One would probably also have to dislike Aaron Copland, whose Sextet rounds out the recital. This is a reduction of his Second (‘Short’) Symphony, and it is vintage Copland with the composer’s typical language and incisive rhythm. There’s less of the expansive ‘American west’ feel of his populist music, but it is both playful and confident music anyway.
enhake- is an award-winning quartet which is especially active on the contemporary music circuit. The Libby Larsen piece which opens the program was commissioned and premiered (at Carnegie Hall) by the group, and Peter Lieuwen’s Gulfstream is dedicated to them as well. They certainly do the composers proud, and cannot be faulted on any grounds: their advocacy is impassioned and their playing is more or less exemplary (maybe the cellist’s bow clacks a little too harshly in louder passages). The recording is good, but turn up the volume a bit or else - by some odd trick - it sounds as if everyone is seated very far apart from each other. This is for fans of good and enjoyable contemporary chamber music, or American music in general, or for those who want to hear Peter Schickele when he’s not writing the aural equivalent of slapstick.
This is one of the very favorable early reviews on my Devienne CD by Classical Voice of North Carolina:
Endless Clarinet Delight
April 26, 2012 - Williamsburg, MA:
Devienne (1759-1803) was a contemporary of Mozart (1756-1791), so the clarinet was a relatively new instrument in his time. Readers are probably familiar with the latter’s popular works for clarinet: the Trio, K. 498 (1786), and the Quintet, K. 581 (1789), but he did not write any sonatas for it, or for any other wind instrument for that matter, except the one for bassoon and ’cello, K. 292 (1775), although there are the Five Divertimenti for two clarinets and bassoon, K. 229 (1783). Devienne was a bassoon and flute player, wrote a Méthode de Flûte Théorique et Pratique in 1793, was a charter faculty member of the Paris Conservatoire in 1795 and its first professor of flute as well as an administrator. Earlier, he had been principal bassoonist in the Musicians of the Swiss Guard, the Royal band. He was universally known in his day for his playing and was also a prolific composer. Today, he is little known, completely overshadowed by Mozart.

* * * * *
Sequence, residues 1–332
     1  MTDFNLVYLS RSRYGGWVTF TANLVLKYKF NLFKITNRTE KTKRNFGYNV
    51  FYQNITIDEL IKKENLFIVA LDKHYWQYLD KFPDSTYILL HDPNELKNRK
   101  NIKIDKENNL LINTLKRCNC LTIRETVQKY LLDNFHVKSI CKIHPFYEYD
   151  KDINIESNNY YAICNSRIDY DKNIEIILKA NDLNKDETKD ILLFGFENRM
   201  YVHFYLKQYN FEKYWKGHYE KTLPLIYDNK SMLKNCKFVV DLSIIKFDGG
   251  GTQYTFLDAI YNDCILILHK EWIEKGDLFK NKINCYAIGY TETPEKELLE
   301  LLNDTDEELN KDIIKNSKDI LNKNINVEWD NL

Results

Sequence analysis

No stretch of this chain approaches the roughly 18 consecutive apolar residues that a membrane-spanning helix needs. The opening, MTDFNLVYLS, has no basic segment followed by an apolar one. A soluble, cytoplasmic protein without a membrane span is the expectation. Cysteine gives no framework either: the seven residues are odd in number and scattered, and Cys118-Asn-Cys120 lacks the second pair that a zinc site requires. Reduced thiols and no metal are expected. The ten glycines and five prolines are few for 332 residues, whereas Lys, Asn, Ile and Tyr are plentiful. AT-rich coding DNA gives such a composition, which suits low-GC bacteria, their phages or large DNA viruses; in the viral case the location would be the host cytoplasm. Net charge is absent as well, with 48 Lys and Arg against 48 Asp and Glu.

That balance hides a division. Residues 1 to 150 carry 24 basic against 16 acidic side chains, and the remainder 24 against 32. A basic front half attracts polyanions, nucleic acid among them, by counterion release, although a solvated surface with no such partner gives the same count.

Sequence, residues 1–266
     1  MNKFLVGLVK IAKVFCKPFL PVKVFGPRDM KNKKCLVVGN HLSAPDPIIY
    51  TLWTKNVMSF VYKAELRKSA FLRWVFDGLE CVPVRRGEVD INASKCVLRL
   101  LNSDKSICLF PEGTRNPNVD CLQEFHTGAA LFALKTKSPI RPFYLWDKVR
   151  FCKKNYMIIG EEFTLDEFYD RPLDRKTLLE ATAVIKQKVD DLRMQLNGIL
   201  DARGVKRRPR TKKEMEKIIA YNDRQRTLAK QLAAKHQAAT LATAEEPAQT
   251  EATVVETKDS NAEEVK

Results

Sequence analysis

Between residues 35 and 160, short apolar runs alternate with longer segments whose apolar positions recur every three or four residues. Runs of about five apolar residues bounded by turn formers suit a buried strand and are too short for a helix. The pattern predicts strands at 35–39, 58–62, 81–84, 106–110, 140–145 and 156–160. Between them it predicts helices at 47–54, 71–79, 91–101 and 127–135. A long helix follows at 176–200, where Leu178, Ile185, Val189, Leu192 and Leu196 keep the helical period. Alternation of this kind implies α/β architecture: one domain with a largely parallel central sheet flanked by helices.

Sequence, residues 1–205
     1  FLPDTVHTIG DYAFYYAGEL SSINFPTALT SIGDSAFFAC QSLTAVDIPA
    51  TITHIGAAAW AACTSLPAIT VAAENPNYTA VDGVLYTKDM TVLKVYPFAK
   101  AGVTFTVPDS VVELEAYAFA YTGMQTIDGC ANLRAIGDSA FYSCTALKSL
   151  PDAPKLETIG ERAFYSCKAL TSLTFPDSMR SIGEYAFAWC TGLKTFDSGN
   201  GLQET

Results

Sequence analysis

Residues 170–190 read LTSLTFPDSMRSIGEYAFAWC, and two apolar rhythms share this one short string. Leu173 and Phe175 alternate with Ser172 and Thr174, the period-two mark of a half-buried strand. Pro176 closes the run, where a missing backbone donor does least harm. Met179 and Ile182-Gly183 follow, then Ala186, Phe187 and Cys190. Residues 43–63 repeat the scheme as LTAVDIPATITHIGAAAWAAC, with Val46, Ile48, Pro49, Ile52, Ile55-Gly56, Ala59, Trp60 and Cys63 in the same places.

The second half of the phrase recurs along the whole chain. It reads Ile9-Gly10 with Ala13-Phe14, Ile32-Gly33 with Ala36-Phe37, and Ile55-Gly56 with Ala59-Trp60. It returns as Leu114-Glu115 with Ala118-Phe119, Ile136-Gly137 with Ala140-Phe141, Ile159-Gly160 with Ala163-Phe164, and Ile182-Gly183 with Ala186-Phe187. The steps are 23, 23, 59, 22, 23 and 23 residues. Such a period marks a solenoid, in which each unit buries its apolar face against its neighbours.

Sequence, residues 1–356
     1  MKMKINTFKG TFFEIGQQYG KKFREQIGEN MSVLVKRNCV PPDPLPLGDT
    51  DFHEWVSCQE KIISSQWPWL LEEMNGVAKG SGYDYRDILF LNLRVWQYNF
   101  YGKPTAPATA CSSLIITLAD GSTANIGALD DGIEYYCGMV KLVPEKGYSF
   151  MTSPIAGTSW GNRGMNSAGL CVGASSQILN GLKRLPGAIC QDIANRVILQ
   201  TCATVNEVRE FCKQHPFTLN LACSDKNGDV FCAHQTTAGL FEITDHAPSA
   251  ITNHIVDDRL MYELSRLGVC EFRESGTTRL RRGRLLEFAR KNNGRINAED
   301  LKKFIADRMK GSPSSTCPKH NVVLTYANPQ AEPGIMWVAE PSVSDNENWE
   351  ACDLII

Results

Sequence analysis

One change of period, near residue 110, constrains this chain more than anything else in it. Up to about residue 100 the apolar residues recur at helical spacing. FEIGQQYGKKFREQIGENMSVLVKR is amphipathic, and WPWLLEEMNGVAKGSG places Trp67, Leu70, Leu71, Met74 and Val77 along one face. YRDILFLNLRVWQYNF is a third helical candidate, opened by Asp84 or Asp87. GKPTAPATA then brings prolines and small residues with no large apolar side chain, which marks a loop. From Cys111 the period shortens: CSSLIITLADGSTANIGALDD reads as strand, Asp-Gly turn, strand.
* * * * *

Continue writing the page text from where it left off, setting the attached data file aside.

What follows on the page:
These sonatas were all derived by the composer from ones originally written for flute, with three of them (No. 1 is the exception) transposed here to a different key to accommodate the modern B-flat instrument – the instrument of Devienne’s time was in C. Kim discusses the original scores and lists the editions used in his brief, but detailed note in the accompanying insert, which features an attractive original watercolor “Sympathique” by Youngsun Cho depicting an 18th century clarinet-pianoforte duo (Were the musicians the models?) on its cover. Brief bios accompanied by photos of each musician are on the back cover. Track listings and timings are on the outside of the tray card.
All of the sonatas are constructed on the standard Classical-period model of fast-slow-fast movements; indeed, those of the first two have identical tempo indications: Allegro con spiritoso,Adagio, and Rondo: Allegretto. Those of the other two do not stray far from the fold, although they do introduce some variety: the slow movements are marked: Largo and Adagio cantabile, and the third movements become Andantino con varazione and Rondo: Allegretto non troppo. These indications notwithstanding, no two movements sound like each other, so there seems to be an infinite variety, with one pleasing melody and rhythm leading into the next from the beginning to the end of the CD. The pieces are all of similar length, ranging from about 14.5 to just under 17 minutes, with two hovering around 15, the first being the longest and the second, the shortest.